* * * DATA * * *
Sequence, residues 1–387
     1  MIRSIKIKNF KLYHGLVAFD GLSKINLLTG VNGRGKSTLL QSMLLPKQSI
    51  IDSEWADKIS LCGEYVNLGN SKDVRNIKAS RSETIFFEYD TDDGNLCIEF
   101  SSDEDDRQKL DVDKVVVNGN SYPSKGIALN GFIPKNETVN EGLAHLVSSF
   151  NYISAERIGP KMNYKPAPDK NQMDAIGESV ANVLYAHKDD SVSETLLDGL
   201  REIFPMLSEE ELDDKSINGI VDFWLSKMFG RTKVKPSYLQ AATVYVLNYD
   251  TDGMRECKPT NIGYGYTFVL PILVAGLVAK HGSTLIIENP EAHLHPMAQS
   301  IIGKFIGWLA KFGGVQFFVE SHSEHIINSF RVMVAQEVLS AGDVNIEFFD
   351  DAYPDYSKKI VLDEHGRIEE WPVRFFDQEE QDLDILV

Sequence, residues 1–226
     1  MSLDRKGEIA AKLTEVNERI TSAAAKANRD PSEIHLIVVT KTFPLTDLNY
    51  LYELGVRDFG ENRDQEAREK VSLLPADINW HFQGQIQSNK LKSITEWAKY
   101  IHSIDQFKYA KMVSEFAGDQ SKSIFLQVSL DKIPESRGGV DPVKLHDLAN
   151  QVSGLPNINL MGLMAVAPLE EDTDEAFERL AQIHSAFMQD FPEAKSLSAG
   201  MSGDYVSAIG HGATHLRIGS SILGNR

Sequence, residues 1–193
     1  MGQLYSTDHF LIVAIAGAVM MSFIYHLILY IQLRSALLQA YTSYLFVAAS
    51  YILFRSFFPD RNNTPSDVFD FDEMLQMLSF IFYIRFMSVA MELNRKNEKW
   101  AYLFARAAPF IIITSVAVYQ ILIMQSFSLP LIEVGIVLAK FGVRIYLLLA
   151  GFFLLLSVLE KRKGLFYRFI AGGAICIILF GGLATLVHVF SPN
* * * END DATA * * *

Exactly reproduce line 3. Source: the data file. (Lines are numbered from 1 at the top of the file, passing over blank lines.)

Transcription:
    51  IDSEWADKIS LCGEYVNLGN SKDVRNIKAS RSETIFFEYD TDDGNLCIEF